As a connoisseur of exotic flavors and having an interest in the medicinal properties of plants, creating a blog encompassing some of the uses, history and folklore of spices seemed like a worthwhile project. My goal is to shed new light on many of our spice rack occupants that we tend to take for granted, and perhaps introduce you to a few new ones along the way...
Sunday, April 21, 2013
No Innocent Spice: The Secret Story of Nutmeg
Ah, nutmeg! Whether it's sprinkled on eggnog, baked into spice cake or blended into a latte, this pungent spice can evoke memories of holidays past. We tend to link it to celebratory times. But a lot of blood has been shed over this little brown seed. "Nutmeg has been one of the saddest stories of history," explains culinary historian Michael Krondl. If you listen to my story you'll hear the gruesome, grisly tale of how the Dutch tortured and massacred the people of the nutmeg-producing Banda Islands in Indonesia in an attempt to monopolize the nutmeg trade. So, why was nutmeg so valuable? Well, Krondl likens it to the iPhone of the 1600s. It was fashionable among the wealthy. It was exotic and potent enough to induce hallucinations — or at least a nutmeg bender.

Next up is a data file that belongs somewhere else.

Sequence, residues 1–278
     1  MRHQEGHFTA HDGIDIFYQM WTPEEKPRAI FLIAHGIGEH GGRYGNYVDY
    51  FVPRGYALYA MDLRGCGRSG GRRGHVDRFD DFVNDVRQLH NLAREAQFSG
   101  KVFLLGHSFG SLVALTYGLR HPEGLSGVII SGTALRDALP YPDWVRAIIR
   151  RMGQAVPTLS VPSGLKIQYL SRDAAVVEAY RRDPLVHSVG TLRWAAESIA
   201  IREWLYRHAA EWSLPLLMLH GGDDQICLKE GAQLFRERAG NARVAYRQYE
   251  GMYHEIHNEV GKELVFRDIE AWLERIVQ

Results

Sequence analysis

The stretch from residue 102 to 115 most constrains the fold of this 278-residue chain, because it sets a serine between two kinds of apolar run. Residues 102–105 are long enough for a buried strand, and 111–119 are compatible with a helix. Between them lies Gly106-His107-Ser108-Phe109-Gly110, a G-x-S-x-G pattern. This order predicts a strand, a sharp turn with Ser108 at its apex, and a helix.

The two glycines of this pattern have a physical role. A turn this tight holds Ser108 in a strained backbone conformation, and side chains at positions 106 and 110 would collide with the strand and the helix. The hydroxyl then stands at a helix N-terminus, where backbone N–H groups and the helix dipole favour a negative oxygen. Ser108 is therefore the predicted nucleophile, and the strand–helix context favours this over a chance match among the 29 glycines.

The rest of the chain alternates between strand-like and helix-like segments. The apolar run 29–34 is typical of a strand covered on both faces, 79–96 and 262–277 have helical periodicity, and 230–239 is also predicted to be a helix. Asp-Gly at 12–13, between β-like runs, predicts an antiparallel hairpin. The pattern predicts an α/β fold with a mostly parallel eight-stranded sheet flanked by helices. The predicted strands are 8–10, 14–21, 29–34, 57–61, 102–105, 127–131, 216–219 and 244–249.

And for foodies, nutmeg is an ideal spice for layering flavor."Nutmeg really does have chemical constituents that make you feel good," explains culinary historian Kathleen Wall of the Plimoth Plantation. And traditionally, we turn to nutmeg (along with cloves and cinnamon) this time of year because these spices — as the settlers to the colonies believed — can help warm us up and even help us fight off head colds and stomachaches.I can't finish this post without mentioning a bit of nutmeg history that makes good dinner-party conversation — and this is the question of whether the Dutch actually traded Manhattan (yes, New York) for nutmeg.